Friday, August 08, 2014

How do you identify a runner?

Runners are a weird breed, they do so many funny things and if you are not a runner you will find them a trifle difficult to understand. But here are some pointers to identify a runner

Their day begins when the rest of the world is still in bed or at least pressing the snooze option in their alarms for another few minutes. They wear bright neon colour clothes that others would not be caught dead in and lace up shoes that will cost nearly an arm or a leg, well not so much but enough for others to arch their eyebrows sky high. Then they set out from their homes to set the roads on fire. Look out for some folks wearing bright clothes and funky shoes running in the dark.

You will observe the hyperboles being thrown about quite frequently in this post but I will ask you to bear with me for with runners everything is above average. They run distances that will make others swoon in shock; distances like 21 kms, 30 kms, 50 kms are regular conversation staples and note that these distances are covered on foot. Runners take pride in their PB, personal best for newcomers; this is the time they took to cover their last landmark distance and runners always want to improve their PB. You will be forgiven when you hear the terms “half” or “full” and imagine that these are related to intoxicating spirits, these are referring to a half marathon or a full marathon, the completion of which usually results in something called “Runners High” which cannot be told but can only be experienced.

Injuries are par for the course and runners know that their sport can lead to often quite debilitating injuries but yet the joy of running makes them accept that injuries will be met when they occur. To remain injury free is an unspoken hidden desire for almost all runners. To achieve this injury free life runners usually push their bodies more by strength training or gym workouts in addition to their runs. An injured runner will work very hard to get better, to run again.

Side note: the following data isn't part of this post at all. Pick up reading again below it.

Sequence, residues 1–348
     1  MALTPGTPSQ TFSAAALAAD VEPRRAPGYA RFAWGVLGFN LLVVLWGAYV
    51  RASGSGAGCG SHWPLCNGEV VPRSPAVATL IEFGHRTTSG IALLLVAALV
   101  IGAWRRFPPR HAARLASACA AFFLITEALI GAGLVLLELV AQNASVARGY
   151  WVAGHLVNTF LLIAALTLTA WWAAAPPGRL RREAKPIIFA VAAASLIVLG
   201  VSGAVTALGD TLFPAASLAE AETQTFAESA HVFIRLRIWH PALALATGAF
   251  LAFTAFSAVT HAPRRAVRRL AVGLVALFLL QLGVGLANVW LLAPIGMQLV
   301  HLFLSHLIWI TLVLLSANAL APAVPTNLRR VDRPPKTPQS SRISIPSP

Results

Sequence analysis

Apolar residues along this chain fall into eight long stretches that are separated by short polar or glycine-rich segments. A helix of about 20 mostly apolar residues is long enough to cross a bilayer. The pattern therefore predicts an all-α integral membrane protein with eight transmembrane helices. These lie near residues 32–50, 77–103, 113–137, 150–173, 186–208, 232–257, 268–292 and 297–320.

Camaraderie is another notable trait that is usually visible among runners. A nod of the head, a clap of the hand or a simple spoken “good run” to an unknown runner running on the other side is good manners and mutual back slapping is the tonic that pushes one another to run a little more a little faster or a little longer. Senior runners are usually available to share their knowledge and experience with a tip or two to every newcomer taking up the sport.

Pigheadedness or stubbornness is another thing you will find common about runners. They simply do not give up, a DNF or Do Not Finish in a race or even a regular run is almost unthinkable barring a major unavoidable reason. They do not take the easy way out and push till the end despite others around telling them STOP.

Runners can be illogical. Others may delight in the medal that they get after the race but runners treasure the journey more. For them the race is the culmination of days of training, blood sweat and tears and the medal is incidental, it is the journey that will be treasured.

Despite all this runners are normal people like you and me, they do abnormal things because they are in love with their sport and love is blind. Blind to sweat, pain and much more.


Susan Deborah said...

In my mind, I love to be a runner but when it comes to the real thing, my mind can come up with mind boggling excuses. I need to so do this - I know it is an aphrodisiac!


Joy always,

Chriz said...

I used to be a sprinter. Now you are an inspiration for me to go back to running